Despite showing industry leading growth in CY15, Cognizant on Monday surprised everybody with its lackluster revenue guidance for calendar 2016. In an interview with Bibhu Ranjan Mishra, the Nasdaq-headquartered company’s CEO for IT services, Rajeev Mehta discusses the reasons for that. Edited excerpts …
After exciting performance in calendar year 2015, why there is such a slow start to CY16? For the first time, you are talking about numbers which is the lower end of which is even lower that the Nasscom growth guidance for the full year?
Look, in constant currency, we have given a guidance in the range of 11-15 per cent for FY16. So, it’s a range of four per cent. There are few reasons for that. Firstly, we are seeing more number of large deals and those deals have actually wide ranges in terms of upside potential. Also, a lot of discretionary projects are coming in, especially in the digital space. In Healthcare, we are seeing some slowness because of the consolidation that is happening in that space because of mergers & acquisitions, and a lot of projects in that segment are waiting because of that. But as that settles down, we will see demand coming back. In addition that, we are seeing some large opportunities through our Trizetto acquisition which we expect to gain towards the backend of the year.
A growth guidance of 9.9-14.3 % for a company like Cognizant as you have guided, is it not alarming for the industry? Is everything fine?
I think, everything is not fine. We are seeing a lot of softness in the banking (Banking, Financial Services and Insurance) side, and I would imagine that many of our peers would also be seeing that. Because of the broader economic environment, we are seeing some slowdown in terms of discretionary spend. Rest of our industries and geographies are looking very good for the year. The softness that we are expecting in the financial services segment has been reflected in our guidance for 2016.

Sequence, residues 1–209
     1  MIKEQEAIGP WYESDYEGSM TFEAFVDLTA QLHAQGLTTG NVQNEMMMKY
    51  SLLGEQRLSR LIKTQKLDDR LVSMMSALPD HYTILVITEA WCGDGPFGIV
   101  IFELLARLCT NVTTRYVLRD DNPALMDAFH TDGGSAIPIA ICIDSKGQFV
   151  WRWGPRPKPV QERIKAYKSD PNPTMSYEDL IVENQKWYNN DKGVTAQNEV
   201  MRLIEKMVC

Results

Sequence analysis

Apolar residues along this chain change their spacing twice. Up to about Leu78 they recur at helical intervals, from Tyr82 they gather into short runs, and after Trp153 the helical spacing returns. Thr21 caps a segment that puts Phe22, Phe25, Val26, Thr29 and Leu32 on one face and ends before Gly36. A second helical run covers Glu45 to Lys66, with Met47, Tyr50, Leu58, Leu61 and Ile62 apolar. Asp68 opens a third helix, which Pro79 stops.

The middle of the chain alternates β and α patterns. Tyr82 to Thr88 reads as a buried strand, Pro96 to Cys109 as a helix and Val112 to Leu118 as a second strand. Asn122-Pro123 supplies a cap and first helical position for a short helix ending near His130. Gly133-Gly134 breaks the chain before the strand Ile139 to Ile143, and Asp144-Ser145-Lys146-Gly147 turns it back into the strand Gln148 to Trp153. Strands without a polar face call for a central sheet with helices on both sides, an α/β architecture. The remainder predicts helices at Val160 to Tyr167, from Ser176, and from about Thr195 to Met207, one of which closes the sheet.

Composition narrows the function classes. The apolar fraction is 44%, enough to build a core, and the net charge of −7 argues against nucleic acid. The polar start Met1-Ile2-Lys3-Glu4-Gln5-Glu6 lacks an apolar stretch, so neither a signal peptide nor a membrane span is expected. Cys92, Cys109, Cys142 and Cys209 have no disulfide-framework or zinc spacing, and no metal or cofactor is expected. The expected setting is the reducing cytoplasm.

Why is the financial service space undergoing through this soft phase?
The banking sector has been impacted quite significantly because of the global economic environment. And with that, we are seeing projects are getting delayed and shifted. As the year continues to progress, we do hope that those projects will be initiated, but we started with slow start in the beginning of the quarter.
Does it also mean that the visibility into the full year is somehow low at this point of time?
Assuming that financial services stay soft for the rest of the year, we gave the lower end of the (guidance) range, and we have some M&A type things happening in the healthcare space that gave us a slow start. Overall, for the rest of the year, we still feel that our pipeline is definitely stronger.
Is the deal conversion taking longer time?
We continue to win more than the previous year, and we are winning a good portion of the new types of deals what we call as digital. In healthcare space, the types of deals that we are seeing are surely not the kinds of deals for which we compete with some of our traditional India-based competitors. Those are new types of deals that are coming into the system. So overall, we are still very optimistic for the year 2016. With the exception of banking, everything seems to be showing very good start.
Can you quantify the pipeline you have and how it’s higher than before?
Some of our offerings like BPO, infrastructure and consulting have all reached significant scale which is driving significant downstream revenues. In addition to that, in terms of geographies, we are seeing good growth in rest of the world in addition to Europe. For example, in India, the work that we are doing for companies like Aditya Birla Group gives us opportunity to offer the strong digital capability we have in India market.
But India is very small for you at present?
I would say that the work that we are doing in India is very leading edge, digital type of works which we are offering to very large conglomerates. India, at present, is still a small component, but it’s a very strong growth component for us. It’s not just based on revenue but the type of works we are doing.
Attrition is now showing any sign of coming down at 19 per cent?
Yes, it’s true that the attrition number is still high where we would like it to be. In the past several years, we have been re-skilling a lot of our people in digital service offering skills. Sometimes, because of all these, you end up becoming the prime target for many competitors who prefer to poach our employees. We had a very strong year in 2015 and so our associates would see significantly higher bonuses than the previous years. There are a lot of works we are also doing in terms of enhanced employee engagement.